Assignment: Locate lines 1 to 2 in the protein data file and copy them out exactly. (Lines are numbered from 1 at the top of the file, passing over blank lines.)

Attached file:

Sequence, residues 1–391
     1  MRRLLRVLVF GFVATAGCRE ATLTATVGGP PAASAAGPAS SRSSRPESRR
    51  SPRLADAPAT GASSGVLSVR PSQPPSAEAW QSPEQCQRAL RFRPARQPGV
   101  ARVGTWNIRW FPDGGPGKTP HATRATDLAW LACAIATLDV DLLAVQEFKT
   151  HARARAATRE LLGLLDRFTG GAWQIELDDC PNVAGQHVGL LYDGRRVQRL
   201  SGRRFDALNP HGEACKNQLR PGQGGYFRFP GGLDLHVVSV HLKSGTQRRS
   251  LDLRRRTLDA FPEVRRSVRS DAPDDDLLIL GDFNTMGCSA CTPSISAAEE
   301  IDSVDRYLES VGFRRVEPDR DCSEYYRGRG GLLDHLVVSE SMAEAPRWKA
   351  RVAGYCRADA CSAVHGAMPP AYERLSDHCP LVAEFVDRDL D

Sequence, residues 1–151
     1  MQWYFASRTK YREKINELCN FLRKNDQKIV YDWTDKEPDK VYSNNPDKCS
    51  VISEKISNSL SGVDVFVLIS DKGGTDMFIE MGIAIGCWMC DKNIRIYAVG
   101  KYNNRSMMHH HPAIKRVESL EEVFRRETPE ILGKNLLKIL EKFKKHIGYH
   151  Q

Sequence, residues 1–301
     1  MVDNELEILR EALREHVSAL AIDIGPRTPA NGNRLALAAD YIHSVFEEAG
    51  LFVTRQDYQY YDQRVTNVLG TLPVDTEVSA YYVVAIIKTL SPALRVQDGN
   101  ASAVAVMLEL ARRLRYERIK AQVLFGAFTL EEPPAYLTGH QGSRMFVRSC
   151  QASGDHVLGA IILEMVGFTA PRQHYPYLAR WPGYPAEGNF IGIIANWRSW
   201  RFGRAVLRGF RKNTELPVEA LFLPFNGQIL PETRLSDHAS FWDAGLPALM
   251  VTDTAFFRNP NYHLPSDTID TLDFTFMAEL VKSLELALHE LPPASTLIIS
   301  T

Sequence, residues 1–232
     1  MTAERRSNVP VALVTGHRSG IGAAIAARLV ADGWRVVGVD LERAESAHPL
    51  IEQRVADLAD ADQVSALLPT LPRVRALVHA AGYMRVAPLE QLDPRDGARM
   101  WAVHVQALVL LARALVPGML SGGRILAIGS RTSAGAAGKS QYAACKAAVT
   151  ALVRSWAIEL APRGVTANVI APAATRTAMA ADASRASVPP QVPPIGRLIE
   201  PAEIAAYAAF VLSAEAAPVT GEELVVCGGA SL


Sequence, residues 1–391
     1  MRRLLRVLVF GFVATAGCRE ATLTATVGGP PAASAAGPAS SRSSRPESRR